For a long time, the thing to do was "Go global."
It wasn’t that hard, and got increasingly easier, with the evolution of technology and the availability of goods and services from pretty much anywhere. Compared with previous generations, we are all more globally connected and aware, and more affected by global events.
In the end, we didn’t have to "go global" as we became globalists by default.
But then, we as citizens were instructed (and as marketers were instructing) to act, buy, eat, and even love locally (hey, there, Tinder) while thinking globally. Such talk began really burbling up toward the end of the recession, when more of us had a little money in our pockets but were still feeling protective of it and wanted to spend it thoughtfully.
As the exhilaration of being able to tap into limitless virtual connections wears off simultaneously, more of us have felt a very real desire for flesh-and-blood sensory experiences that connect us to places.
A lot of what we learned from our immersion in the world beyond our reach is coming home to feed our local yearnings. Consumers have come to appreciate products that derive from a specific place with its own standout character and quirks.
It’s what the French call terroir – the tangible sense of a place with its own distinctive conditions, taste, and story. It’s a premium branding point for products imported from special places abroad, like Parma ham and Champagne, but it’s also becoming increasingly desirable if that somewhere is local and familiar and wears its origins with pride.
These were among the observations that led Havas PR North America, the agency where I am CEO, to field a survey of Americans about their feelings of connectedness. We found that because the wider world is largely perceived as going to hell in a hand basket, many of us are hunkering down. The majority of respondents identify themselves as "a hometown person" (53%), prefer to shop locally if possible (65%), and even prefer to have sex locally; 75% said they prefer great sex in their own bed to great sex in a hotel bed.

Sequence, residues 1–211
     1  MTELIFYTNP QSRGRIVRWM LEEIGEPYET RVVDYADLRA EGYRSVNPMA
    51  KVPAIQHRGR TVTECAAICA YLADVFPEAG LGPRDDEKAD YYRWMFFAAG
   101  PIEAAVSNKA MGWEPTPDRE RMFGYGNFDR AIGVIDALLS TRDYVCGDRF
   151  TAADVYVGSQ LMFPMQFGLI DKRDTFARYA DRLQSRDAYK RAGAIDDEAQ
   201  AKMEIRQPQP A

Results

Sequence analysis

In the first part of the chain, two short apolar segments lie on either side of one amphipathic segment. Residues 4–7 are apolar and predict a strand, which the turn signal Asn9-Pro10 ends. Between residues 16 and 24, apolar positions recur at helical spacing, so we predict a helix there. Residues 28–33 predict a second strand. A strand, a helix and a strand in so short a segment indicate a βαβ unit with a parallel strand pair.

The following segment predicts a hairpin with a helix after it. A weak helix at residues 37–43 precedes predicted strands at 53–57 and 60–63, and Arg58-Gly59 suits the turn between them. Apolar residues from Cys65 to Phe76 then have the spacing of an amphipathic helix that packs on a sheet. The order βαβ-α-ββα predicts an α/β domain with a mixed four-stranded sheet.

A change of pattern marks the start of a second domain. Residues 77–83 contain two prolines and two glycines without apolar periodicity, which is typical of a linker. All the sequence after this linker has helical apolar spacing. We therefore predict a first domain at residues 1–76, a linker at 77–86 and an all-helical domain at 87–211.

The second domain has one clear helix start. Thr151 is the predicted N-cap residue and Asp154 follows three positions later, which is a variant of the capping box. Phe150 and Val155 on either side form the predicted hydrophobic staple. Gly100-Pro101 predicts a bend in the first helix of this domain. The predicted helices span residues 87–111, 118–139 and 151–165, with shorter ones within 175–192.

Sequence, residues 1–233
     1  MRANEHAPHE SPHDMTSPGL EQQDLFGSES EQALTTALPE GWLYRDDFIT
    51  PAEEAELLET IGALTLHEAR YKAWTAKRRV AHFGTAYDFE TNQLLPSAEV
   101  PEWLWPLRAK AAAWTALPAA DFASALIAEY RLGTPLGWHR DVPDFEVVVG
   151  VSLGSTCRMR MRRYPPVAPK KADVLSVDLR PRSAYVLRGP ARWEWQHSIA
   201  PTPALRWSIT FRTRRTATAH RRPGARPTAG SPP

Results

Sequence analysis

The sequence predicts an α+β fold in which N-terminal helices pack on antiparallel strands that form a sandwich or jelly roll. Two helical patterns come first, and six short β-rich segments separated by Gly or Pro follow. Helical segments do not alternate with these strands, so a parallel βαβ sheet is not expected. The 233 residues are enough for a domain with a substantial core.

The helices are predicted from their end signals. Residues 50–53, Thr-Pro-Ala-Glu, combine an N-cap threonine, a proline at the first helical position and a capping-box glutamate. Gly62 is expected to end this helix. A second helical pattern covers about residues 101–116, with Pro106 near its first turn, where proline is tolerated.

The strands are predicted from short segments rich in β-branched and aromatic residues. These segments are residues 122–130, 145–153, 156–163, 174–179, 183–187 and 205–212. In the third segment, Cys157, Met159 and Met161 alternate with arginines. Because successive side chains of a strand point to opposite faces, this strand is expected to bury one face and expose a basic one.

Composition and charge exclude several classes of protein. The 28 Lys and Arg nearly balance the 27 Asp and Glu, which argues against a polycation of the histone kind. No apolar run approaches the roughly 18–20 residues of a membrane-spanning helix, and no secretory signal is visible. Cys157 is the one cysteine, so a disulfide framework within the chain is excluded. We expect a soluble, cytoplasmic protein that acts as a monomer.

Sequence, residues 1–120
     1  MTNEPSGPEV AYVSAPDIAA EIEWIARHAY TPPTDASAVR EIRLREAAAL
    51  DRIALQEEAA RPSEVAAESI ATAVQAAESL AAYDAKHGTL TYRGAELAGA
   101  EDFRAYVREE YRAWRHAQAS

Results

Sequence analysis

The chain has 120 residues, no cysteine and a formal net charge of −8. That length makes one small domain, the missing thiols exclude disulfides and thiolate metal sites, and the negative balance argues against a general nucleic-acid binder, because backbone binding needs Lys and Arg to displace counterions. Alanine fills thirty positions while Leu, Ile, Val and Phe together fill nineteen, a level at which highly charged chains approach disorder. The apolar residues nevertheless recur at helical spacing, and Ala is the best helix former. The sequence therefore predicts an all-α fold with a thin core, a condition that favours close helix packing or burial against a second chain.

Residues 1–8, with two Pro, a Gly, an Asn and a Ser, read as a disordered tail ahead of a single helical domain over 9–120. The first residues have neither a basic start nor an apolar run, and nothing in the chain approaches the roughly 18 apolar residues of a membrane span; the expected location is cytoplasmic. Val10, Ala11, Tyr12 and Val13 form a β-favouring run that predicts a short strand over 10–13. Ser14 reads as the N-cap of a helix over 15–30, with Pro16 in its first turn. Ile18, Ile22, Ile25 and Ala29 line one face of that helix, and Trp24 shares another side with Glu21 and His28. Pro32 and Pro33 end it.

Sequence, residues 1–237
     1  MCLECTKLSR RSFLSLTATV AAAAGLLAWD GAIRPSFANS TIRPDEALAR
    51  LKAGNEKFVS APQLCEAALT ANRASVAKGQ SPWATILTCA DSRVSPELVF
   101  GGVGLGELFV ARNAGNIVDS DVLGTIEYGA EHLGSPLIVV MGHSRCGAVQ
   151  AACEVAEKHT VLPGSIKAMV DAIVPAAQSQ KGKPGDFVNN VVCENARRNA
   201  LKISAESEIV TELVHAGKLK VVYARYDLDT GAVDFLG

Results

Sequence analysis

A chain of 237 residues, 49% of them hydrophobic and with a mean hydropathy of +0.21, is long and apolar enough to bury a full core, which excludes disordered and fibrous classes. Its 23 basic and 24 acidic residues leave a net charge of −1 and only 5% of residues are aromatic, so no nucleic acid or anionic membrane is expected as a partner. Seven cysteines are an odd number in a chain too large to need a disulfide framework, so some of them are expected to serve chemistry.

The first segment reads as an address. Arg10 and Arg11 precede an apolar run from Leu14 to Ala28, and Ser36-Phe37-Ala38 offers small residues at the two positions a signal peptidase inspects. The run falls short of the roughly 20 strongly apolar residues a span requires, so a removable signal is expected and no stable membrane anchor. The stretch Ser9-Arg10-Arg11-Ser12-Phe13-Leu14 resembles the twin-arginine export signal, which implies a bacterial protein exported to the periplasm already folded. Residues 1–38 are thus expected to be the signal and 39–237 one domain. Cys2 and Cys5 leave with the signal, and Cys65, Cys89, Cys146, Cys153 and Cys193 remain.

As more of us curate a local life and begin to prize all things small (startups) and tiny (houses), I can’t help but wonder if it’s in response to the big, messy world that we’re all so much more aware of than before – Afghanistan, Iraq, al-Qaida, the Islamic State, Syria, Russia, the Greek debt crisis, the fading hope of the BRICs and so much more.
An increasing number of people tune in intently to what is local to them, wherever they might be. Our agency is calling this localism – the mashing together of local focus and global awareness. It has echoes of that old activist mantra "Think global, act local," but with a 21st-century twist.
I’ve long been part of the herky-jerky discussion about this mindset, proclaiming "Local is the new global" as long ago as 2007. But Havas PR is walking the walk when it comes to localism with more purpose than ever. And that’s why our Pittsburgh office flourishes and why we have chosen to build offices in Phoenix and Providence that have really taken off – including winning the Rhode Island tourism account, the ultimate local marketing dream assignment. We’re living this trend.
Localism is more than just the way we feel about where we live and the global village:It’s about what makes us feel happy and safe. It’s the new American mindset (and increasingly the mentality in many other countries, too). In a chaotic world that feels out of our control, this is a good thing. Local is more manageable and controllable, and more of us are deciding that our best hope for making a difference is to act locally.
Marian Salzman is CEO of Havas PR North America and chair of the Havas PR Global Collective.